Link to Owner Dr. Robert B. Pamplin Jr.



In Multnomah County, USDA data shows a 75% increase in the value of farmland and buildings from 2012-2107

COURTESY PHOTO: EAST MULTNOMAH SOIL AND WATER - This 57-acre parcel of land near Oxbow Park was bought and protected from development. It is now a part of Sester Farms. A new deal has ensured 57 acres of working farmland near Gresham will remain dedicated to producing agricultural products during a time in which the region is losing countless acres.

East Multnomah Soil and Water Conservation District and Sester Farms closed the deal in April 2019 for the commercial nursery to take over the parcel of land and add it to its existing farm, which was first planted in 1898.

"Every time farmland is lost to other uses, we lose open space, local jobs, wildlife habitat, local food stability, and much more," said Allison Hensey, board chair for East Multnomah Soil and Water. "In the Portland Metro area, the recent rate of farmland lost is alarming."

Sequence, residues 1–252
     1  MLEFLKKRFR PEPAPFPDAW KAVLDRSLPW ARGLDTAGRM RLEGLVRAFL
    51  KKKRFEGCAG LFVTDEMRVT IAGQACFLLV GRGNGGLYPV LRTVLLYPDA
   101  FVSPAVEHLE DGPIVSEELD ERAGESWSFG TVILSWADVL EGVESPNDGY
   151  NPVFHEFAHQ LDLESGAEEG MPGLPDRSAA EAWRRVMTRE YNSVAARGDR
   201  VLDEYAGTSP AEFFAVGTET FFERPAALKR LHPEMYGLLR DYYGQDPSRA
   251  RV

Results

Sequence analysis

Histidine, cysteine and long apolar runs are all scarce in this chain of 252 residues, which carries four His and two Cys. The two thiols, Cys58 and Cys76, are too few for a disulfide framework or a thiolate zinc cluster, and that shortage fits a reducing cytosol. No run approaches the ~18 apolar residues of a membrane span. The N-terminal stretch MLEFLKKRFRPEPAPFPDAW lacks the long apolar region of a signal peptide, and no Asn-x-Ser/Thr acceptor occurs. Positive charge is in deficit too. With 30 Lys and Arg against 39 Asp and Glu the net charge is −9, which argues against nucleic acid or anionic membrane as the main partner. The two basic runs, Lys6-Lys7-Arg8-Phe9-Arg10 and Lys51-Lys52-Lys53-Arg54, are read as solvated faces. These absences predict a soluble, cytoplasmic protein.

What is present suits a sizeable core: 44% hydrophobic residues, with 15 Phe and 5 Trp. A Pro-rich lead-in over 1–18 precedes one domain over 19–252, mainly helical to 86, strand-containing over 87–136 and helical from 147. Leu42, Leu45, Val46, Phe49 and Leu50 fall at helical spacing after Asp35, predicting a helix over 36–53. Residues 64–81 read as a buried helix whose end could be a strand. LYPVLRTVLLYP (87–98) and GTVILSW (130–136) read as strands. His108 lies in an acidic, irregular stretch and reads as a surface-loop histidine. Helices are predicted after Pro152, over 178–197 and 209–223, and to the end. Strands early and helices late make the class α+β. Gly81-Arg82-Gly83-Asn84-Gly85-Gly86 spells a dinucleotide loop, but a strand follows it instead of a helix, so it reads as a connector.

Estimates show that from 2012 to 2017, Multnomah, Clackamas and Washington counties saw farmland taken out of production at a rate of one acre every hour, according to the United States Department of Agriculture. Those properties are often converted to residential use.

Click here to read the rest of the story in the Gresham Outlook.

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